Canyon Bikes changed the game with its direct-to-consumer model that allows it to sell high-end bikes at much lower price points. Recently DiamondBack, Raleigh and others have also jumped into the mix. Today, Viathon launched as a new direct-to-consumer carbon bike company. And they’ve got big backers. Wal-Mart holds the trademarks to the Viathon brand name.
The company’s launch includes three bikes: the G1, R1 and M1 for, aptly, gravel, road and mountain biking, respectively. The bikes look pretty good on paper, and the price points are very slim for what you get.
The Viathon Lineup
Viathon is hitting the market with three model families. The R.1 is a true road racing bike, the G.1 is for gravel and the M.1 hardtail is for cross-country riding. All three models are made of carbon fiber and each has a few build options ranging from mid-level to top-of-the-line. Framesets are also available.
The frame designs are original and come from industry veteran Kevin Quan, who has worked with brands like Cervélo, Diamondback and Pivot in the past.
The R.1 disc road frame has a claimed weight of just 795 grams for a 56cm size. It has all the standard features; aero-ish tubes, teeny seatstays, internal cable routing, a tapered steerer, and clearance for big 28mm tires.
The top-of-the-range model comes built up with Shimano’s mechanic Dura-Ace groupset, Knight Composites carbon clinchers and a Zipp carbon cockpit for a retail price of $5,850. The entry level model built with Shimano 105 demands just $2,300. That’s just $300 more than the bare frameset which comes in at $2,000.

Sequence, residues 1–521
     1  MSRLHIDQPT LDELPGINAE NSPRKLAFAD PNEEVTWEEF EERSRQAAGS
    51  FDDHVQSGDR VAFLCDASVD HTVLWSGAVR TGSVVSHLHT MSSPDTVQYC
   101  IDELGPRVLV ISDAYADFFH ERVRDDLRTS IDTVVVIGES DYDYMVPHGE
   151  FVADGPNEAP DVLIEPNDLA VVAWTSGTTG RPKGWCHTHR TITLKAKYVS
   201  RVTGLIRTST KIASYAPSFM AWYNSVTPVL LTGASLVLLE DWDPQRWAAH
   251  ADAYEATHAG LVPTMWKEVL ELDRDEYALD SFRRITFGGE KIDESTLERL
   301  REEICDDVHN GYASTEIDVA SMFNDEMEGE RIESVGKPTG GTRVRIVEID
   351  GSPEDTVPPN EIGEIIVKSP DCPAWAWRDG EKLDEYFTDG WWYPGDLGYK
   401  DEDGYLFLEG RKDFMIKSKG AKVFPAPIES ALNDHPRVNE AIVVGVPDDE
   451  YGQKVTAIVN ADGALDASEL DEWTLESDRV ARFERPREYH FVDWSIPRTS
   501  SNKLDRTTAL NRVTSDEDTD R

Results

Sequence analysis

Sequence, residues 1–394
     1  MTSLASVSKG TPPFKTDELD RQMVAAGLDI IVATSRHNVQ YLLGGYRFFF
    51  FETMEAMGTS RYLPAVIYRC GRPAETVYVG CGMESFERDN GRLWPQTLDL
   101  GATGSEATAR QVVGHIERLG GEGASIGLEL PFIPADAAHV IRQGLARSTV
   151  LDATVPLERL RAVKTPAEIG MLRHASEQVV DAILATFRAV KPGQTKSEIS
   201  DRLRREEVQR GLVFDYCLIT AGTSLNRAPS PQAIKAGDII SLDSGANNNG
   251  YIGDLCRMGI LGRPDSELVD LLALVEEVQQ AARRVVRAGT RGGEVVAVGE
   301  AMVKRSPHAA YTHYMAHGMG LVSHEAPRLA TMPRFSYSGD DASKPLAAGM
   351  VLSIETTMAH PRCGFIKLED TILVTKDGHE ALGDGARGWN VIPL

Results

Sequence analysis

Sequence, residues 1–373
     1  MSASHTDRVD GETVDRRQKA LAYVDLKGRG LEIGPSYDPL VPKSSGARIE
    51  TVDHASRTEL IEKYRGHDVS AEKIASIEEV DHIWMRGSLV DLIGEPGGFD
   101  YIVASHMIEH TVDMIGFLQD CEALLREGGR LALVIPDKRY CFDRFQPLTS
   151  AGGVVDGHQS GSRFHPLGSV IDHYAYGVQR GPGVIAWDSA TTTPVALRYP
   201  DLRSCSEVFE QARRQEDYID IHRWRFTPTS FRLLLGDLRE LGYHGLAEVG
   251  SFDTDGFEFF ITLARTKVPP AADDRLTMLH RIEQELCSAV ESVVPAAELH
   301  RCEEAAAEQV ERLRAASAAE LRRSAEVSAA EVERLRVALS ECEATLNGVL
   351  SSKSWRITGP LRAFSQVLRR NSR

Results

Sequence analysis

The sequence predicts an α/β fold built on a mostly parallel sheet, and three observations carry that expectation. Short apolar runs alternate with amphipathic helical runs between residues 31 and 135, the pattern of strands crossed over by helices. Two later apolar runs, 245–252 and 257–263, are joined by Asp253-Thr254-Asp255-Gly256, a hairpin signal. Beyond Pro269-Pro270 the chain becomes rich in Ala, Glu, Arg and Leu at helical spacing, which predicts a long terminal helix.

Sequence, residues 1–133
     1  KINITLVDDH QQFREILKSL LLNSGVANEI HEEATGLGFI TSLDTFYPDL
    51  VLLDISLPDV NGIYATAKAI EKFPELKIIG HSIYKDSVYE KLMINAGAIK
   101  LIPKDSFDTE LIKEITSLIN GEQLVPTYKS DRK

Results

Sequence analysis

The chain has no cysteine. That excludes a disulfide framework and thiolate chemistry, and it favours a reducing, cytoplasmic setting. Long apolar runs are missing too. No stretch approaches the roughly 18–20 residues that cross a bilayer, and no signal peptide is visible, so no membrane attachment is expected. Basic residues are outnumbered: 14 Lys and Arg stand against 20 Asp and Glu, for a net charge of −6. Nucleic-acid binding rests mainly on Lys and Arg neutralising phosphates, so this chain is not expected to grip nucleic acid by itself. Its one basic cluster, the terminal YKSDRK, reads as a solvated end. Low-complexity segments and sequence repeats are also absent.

The gravel oriented G.1 frame weighs in at just about 1,000 grams and sports a dropped-chainstay design which will accommodate 700c tires up to 51mm in width. Or you can throw on 650b tires up to 2.1″ in size. Typical to gravel form, the frame has flattened tubing, slim and dropped seatstays, and is tuned for a smoother ride. Also included are hidden rack and fender mounts, mounts for three bottle cages, and a threaded bottom bracket for increased serviceability.
Again, pricing is very reasonable. The top-end G.1 Force model will cost $3,550 with a SRAM Force 1 groupset and HED Ardennes LT aluminum clinchers. The least expensive G.1 comes with Shimano 105 and costs just US$2,300. A frameset is $2,000.
Finally, the M.1 hardtail sports pretty typical cross-country geo, a 120mm-travel suspension fork, dropper-post compatibility, and room for 29Ã—2.4 €³ tires. The most expensive option of the group, $6,000 will buy a top-spec M.1 built with SRAM’s XX1 Eagle groupset, Stan’s NoTubes Crest CB7 Carbon Pro carbon wheels, a RockShox SID RLC fork, and FSA cockpit. With SRAM GX1, Stan’s NoTubes Arch S1 Team wheels, a RockShox Reba RL fork you can get riding for just US$2,400. Again, a frameset is $2,000.